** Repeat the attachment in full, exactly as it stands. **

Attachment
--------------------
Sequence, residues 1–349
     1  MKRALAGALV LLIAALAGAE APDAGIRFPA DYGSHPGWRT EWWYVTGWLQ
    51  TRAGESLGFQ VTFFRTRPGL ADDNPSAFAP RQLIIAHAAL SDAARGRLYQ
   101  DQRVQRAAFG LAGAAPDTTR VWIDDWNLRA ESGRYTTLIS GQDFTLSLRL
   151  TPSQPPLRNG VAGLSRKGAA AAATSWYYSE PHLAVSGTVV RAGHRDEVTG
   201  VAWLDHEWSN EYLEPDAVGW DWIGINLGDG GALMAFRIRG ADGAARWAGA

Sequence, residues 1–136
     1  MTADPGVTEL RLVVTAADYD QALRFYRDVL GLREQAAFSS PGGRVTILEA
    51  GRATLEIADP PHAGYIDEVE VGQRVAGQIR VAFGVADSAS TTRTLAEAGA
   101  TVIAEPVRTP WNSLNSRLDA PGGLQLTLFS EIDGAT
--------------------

Sequence, residues 1–349
     1  MKRALAGALV LLIAALAGAE APDAGIRFPA DYGSHPGWRT EWWYVTGWLQ
    51  TRAGESLGFQ VTFFRTRPGL ADDNPSAFAP RQLIIAHAAL SDAARGRLYQ
   101  DQRVQRAAFG LAGAAPDTTR VWIDDWNLRA ESGRYTTLIS GQDFTLSLRL
   151  TPSQPPLRNG VAGLSRKGAA AAATSWYYSE PHLAVSGTVV RAGHRDEVTG
   201  VAWLDHEWSN EYLEPDAVGW DWIGINLGDG GALMAFRIRG ADGAARWAGA

Sequence, residues 1–136
     1  MTADPGVTEL RLVVTAADYD QALRFYRDVL GLREQAAFSS PGGRVTILEA
    51  GRATLEIADP PHAGYIDEVE VGQRVAGQIR VAFGVADSAS TTRTLAEAGA
   101  TVIAEPVRTP WNSLNSRLDA PGGLQLTLFS EIDGAT